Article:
HomePolitical leadershipIt’s time for seriousness and pragmatism on the green economy

It’s time for seriousness and pragmatism on the green economy

It has been an extraordinary month. It is just over two weeks since Liz Truss became prime minister and 13 days since she announced a huge energy support package. Rarely can such a big announcement have been subject to so little scrutiny. As the Commons debated it, it became clear that the Queen’s life was drawing to an end. “Fierce and bitter controversies… were hushed” and politics paused for a period of national mourning and reflection.

But this week politics returns with a vengeance. We will get a better idea of ministers’ priorities; the prime minister will give a speech to the UN (will she, like Boris Johnson, call for action on climate and nature?); and, on Friday, there will be a mini-budget (Green Alliance is holding an online post-budget event and has produced a number of budget briefings).

Does Liz Truss believe the environment is at the heart of conservatism?
By the end of the week, we will have a much better idea of the new prime minister’s priorities. Does she, as many fear, want to lead an unprecedentedly right wing, deregulatory, low standards administration, intent on using ‘Brexit freedoms’ to drive down standards? Or is she a mainstream Conservative who recognises, in the words of the Conservative Environment Network pledge she signed, that “care for the environment is core to conservatism”?

We already know that the government’s key theme will be economic growth, not ‘levelling up’. We also know that Liz Truss can be pragmatic (to the tune of around £150 billion). The challenge for environmentalists, if we think this is a government with which we can do business, will be to persuade ministers that action on climate and nature boosts growth, rather than hinders it.

Jacob Rees-Mogg has said so many foolish things about climate policy that his appointment as business secretary seemed a bad joke. But the fact that Graham Stuart, a green Tory, is climate minister with a seat at the cabinet table gives hope. As does Chris Skidmore being in charge of the review to ensure that net zero by 2050 (to which the prime minister says she is “completely committed”) is delivered “in a way that is pro-business and pro-growth”.

Pragmatic solutions that make a difference are needed
On energy, Liz Truss wants “to make sure that the United Kingdom is never in this situation again”. This will require more pragmatism. The solutions proposed so far to increase supply: fracking, nuclear power, more North Sea oil and gas, and more offshore wind, will make no immediate difference to energy prices. Notably absent from government statements so far is a commitment to onshore wind or solar, the two technologies that can make a quick, clean difference to supply.

Even stranger is the reluctance to talk about using less energy in the first place. It really would be bizarre to spend around £150 billion subsidising bills for two years, but do nothing to ramp up energy efficiency. A decade ago, such programmes were beginning to make a big difference to the comfort of people’s homes. Then the government pulled the plug, the industry collapsed and we are living with the consequences. The government must invest in energy efficiency to increase our security, help cut the cost of living and tackle climate change. It should also reconsider whether it is right to put the cost of government action on taxpayers, rather than on the oil and gas companies which are enjoying a £170 billion windfall, courtesy of Vladimir Putin.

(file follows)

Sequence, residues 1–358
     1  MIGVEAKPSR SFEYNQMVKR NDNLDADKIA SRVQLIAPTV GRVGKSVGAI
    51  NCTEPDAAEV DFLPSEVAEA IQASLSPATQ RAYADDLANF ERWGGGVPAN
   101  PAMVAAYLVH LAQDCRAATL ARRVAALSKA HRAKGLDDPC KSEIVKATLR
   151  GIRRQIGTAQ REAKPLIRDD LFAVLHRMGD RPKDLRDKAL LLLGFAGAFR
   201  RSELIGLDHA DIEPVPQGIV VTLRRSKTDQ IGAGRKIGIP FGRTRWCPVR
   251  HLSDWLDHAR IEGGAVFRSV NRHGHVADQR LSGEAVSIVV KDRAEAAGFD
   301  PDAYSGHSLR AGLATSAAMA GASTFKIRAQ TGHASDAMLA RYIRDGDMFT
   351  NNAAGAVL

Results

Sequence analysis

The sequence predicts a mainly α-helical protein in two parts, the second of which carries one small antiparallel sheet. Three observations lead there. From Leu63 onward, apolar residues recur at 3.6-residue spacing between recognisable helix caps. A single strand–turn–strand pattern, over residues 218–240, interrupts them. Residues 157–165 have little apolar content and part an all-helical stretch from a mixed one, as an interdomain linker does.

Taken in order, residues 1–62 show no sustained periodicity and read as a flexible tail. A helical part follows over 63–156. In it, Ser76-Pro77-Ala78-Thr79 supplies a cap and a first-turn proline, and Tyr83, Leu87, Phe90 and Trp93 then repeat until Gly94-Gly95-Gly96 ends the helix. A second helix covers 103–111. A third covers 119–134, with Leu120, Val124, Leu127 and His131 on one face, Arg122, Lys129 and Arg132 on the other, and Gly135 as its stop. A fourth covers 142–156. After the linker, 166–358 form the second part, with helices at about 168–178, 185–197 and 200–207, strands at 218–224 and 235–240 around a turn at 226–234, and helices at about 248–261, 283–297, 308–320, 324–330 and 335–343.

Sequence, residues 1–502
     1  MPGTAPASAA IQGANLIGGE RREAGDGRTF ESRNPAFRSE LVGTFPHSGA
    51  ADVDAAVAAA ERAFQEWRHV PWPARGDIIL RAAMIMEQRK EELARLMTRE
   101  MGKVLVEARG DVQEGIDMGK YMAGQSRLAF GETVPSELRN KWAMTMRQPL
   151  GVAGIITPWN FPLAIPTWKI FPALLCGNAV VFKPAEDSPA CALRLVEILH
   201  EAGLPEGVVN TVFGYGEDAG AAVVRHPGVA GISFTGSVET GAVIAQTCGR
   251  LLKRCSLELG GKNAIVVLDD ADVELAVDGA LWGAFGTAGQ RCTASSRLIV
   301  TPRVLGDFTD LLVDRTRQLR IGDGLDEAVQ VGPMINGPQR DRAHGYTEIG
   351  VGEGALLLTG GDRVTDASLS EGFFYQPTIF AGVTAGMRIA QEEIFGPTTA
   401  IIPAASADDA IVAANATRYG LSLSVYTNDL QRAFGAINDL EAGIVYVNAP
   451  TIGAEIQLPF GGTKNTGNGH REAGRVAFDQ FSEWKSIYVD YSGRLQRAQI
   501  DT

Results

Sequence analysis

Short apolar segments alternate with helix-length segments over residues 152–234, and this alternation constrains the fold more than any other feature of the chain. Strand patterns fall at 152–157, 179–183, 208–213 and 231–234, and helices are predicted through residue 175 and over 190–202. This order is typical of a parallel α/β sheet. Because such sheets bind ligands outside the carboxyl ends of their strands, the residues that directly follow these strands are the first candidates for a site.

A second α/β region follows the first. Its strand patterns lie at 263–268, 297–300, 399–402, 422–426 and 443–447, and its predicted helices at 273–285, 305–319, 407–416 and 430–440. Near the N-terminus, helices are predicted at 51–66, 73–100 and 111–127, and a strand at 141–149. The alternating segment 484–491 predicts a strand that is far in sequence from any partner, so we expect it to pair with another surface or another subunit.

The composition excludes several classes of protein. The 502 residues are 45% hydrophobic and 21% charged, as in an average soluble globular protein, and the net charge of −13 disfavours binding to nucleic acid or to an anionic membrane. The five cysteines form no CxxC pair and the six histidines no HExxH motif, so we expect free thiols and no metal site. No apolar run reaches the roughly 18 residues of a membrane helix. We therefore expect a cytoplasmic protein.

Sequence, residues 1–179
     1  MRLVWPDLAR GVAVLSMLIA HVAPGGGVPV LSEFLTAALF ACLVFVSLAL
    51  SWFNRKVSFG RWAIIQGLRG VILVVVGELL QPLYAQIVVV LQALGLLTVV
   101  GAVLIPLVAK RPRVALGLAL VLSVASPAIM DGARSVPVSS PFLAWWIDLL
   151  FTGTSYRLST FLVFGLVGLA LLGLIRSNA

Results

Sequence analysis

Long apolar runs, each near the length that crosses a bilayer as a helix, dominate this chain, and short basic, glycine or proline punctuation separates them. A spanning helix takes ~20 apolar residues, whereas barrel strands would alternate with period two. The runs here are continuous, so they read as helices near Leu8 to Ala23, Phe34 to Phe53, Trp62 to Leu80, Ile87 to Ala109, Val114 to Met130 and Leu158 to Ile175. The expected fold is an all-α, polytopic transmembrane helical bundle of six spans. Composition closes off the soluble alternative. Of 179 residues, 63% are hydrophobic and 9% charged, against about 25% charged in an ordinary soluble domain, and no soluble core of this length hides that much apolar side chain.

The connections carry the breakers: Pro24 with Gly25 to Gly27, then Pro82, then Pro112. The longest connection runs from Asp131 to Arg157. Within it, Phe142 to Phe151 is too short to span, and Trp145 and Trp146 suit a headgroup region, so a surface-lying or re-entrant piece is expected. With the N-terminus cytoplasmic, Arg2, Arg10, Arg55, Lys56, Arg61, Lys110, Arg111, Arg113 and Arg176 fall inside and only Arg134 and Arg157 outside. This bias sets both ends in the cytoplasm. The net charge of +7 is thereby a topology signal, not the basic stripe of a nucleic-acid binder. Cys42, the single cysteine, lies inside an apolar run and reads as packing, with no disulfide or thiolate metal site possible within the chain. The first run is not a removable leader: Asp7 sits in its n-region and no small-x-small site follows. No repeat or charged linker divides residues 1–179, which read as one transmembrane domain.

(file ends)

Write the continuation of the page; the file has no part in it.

A longer term test will be whether the new administration understands that net zero and the restoration of nature are essential to building a strong, resilient economy, not a distraction from more important things.

It’s economic disarmament not to prioritise the green economy
During the leadership campaign, the new international trade secretary, Kemi Badenoch, described net zero as “unilateral economic disarmament”. In fact, governments representing 91 per cent of the world economy have now committed to net zero. As previous trade secretaries, Liz Truss and Anne-Marie Trevelyan, recognised, however fitfully, it would be unilateral economic disarmament to ignore the potential of green trade. In the words of UN Secretary General Antonio Guterres, “those who fail to bet on the green economy will be living in a grey future”.

The new environment secretary is Ranil Jayawardena. An effective trade minister, his first tweet in his new job gave the impression that he had been appointed to MAFF, but he will find it hard to deliver his priorities: food security, water quality and economic growth, without intensifying the reform of farming policy. There is certainly no long term food security with a degraded environment, and improving water quality requires strong regulation and radical changes to farming practices. The promise of Brexit was a better environment outside the EU than within it. I am sure the new secretary of state will want to fulfil that promise.

The weeks ahead will be crucial for consumers, the economy and prospects of serious action on climate and nature. It is natural to be a little gloomy, given the quality of the debate in the leadership contest. But one thing gives me hope: Boris Johnson’s conversion to climate seriousness after he was briefed on the science by Sir Patrick Vallance. Much of the debate in recent weeks on climate, nature and farming has been extraordinarily trivial. But the challenges the planet faces really are serious: ask anyone whose memory stretches back to the summer heatwave, or ask anyone in Pakistan now. I hope that, even with their incredibly busy diaries, ministers will find time to hear similar briefings.

Written by

Executive director of Green Alliance ( and Chair of the Greener UK board (

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